When love is on the cards – why mementos from our children mean so much.

Published in The Evening Echo on Wednesday, February 14, 2018

As a school girl, I would hope against hope each Valentine’s Day that the boy I fancied in my class would sneak a card adorned with love hearts into my school bag. Maybe I had watched too many teen movies. I daydreamed about what it would feel like to come home from school, open my bag and find a home-made card from a “secret admirer”. The initial surprise of finding a card crafted with care. The excitement that would follow when I ran to the telephone to call my friend to tell her about my amorous discovery. Our lengthy conversation about ‘who could have put the card in your bag?’ or ‘what could this card actually mean in terms of romance and true love?’ My father roaring down the hall to ‘Get off that phone! Do you think I’m made of money?’

Of course, my teenage dream remained a dream. I never found a card in my school bag. Last year, I found a card in someone else’s school bag. My daughter’s. With help from her teacher at creche, Saoirse had made me and her Daddy a Valentine’s Day card. On the front of the card, the sweetest message was written;

“From the tips of my toes, to the bottom of my heart, I will always love you”

Inside, the word “love” was displayed. ‘L’ and ‘E’ were finger painted. Saoirse’s handprint was the ‘O’ and her footprints fashioned the ‘V’. It was the cutest card I had ever seen and the best card I had ever received for so many reasons. The prints of Saoirse’s hand and feet, then just shy of her second birthday, reminded me that her toddler years are but mere moments. She is growing up so fast. I must relish every cuddle, every kiss, every request to read her favourite book, even if we have read it five times in one night. Because the day will come when she will not sit on my lap anymore. One day, I will not be the centre of her universe.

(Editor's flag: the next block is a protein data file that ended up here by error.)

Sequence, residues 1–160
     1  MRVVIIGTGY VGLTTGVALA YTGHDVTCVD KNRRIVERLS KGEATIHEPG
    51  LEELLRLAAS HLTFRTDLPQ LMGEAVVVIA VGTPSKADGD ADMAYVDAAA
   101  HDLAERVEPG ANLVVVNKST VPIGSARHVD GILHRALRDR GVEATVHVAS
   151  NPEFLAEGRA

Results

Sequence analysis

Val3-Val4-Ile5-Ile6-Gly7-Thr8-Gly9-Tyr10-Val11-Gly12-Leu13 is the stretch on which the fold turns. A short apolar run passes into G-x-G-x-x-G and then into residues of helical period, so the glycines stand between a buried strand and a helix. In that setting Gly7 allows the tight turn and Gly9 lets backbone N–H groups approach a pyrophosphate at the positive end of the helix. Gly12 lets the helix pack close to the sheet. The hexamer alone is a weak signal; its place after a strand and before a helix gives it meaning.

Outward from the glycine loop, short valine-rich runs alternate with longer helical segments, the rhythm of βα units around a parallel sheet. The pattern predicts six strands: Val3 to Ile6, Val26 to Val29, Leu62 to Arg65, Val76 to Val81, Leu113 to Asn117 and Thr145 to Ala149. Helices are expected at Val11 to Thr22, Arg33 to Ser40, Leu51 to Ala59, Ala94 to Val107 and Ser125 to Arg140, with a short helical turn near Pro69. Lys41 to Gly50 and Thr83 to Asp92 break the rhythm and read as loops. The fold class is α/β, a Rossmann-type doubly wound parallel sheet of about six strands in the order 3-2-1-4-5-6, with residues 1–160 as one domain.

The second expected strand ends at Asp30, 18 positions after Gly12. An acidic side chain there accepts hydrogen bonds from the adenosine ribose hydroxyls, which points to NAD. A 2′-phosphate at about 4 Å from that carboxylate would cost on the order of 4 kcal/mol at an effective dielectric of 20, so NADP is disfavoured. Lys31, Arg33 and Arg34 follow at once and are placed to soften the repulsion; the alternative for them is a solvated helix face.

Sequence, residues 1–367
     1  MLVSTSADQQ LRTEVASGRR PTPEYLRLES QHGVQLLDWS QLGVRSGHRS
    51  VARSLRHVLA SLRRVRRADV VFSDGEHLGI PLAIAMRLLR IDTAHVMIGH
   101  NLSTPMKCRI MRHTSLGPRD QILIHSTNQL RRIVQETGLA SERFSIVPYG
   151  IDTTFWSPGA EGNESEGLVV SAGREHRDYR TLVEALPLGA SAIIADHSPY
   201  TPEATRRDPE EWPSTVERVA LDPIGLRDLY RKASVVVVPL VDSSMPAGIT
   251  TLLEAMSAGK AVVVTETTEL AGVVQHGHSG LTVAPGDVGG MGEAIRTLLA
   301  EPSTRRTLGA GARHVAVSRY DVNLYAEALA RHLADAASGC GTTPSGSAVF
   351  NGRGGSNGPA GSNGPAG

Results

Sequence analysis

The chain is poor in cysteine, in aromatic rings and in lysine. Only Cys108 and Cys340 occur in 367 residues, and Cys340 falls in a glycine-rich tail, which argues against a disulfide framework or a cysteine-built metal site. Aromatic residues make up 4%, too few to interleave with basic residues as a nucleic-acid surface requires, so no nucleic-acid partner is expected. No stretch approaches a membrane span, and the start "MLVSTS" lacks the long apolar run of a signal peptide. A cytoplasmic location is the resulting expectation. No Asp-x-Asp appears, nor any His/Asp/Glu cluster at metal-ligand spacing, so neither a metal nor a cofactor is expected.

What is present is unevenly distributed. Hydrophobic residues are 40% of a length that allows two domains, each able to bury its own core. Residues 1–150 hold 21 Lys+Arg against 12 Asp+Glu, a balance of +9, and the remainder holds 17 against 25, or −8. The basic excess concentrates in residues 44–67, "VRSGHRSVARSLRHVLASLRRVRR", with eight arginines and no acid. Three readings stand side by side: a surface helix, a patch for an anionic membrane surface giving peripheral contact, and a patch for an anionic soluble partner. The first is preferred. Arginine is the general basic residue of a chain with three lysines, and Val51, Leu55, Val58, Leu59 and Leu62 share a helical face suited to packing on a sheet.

I also felt a great deal of love towards the teacher at Saoirse’s creche. The thought and care that went into helping her make a Valentine’s Day card for Mummy and Daddy was so greatly appreciated. I imagined how Saoirse must have enjoyed the creative process of creating the card and how fun it must have been to spend time painting with her teacher and her young school friends.

Saoirse was born in Guernsey in 2015. My good friend, Anna, gave birth to her son, Oscar, a few days after Saoirse was born. Even though Saoirse now lives in Cork, Oscar and Saoirse’s lives have been linked together via cards. Mainly “Moonpig” ones. When we left Guernsey, Saoirse sent Oscar a ‘farewell but don’t forget me’ card, with a photo of the two of them on the front. Likewise, Oscar has sent Saoirse bespoke birthday cards with photos of his adventures on the beaches of Guernsey. Anna sent me some photographs of the first Valentine’s Day card she received from her son, Oscar. The card is heart-shaped and Oscar’s handprints are on the front. The poem on the back says;

“There used to be so many

Of my finger prints to see

On furniture and walls and things

From sticky, grubby me.

 

But it you stop and think awhile

You’ll see I’m growing fast

These little moments disappear

You can’t bring back the past.

 

So here’s a small reminder

To keep, not throw away

Of tiny hands and how they looked

To make you smile someday”

I asked Anna how she felt about Oscar’s card.

card 2

“It is so lovely and thoughtful”, said Anna. “The poem is very true. Time does fly by and they grow up so quickly. I’m so pleased I kept the card to remember how small Oscar was as you do forget. It makes me emotional reading it. It really is unconditional love”.

Anna is right. Cards like these remind us of the depths of our love for our children. That unconditional love which knows no bounds and only changes by growing stronger, no matter what circumstances you and your child find yourselves in. A bond strengthened by happiness and worry, laughter and tears.

This Valentine’s Day, Saoirse and I have decided to spread our love a little further. Of course, Daddy will get a card. That goes without saying. Plus the grandparents, also known as “Superheroes in disguise”. But, I think that teacher may like a handmade card from a certain little lady, to say thank you for the care and support provided to her whilst at creche. And, maybe, little Oscar should stand by the post box in his house in Guernsey on Valentine’s Day. There might be a card with an Irish stamp on it, just for him.

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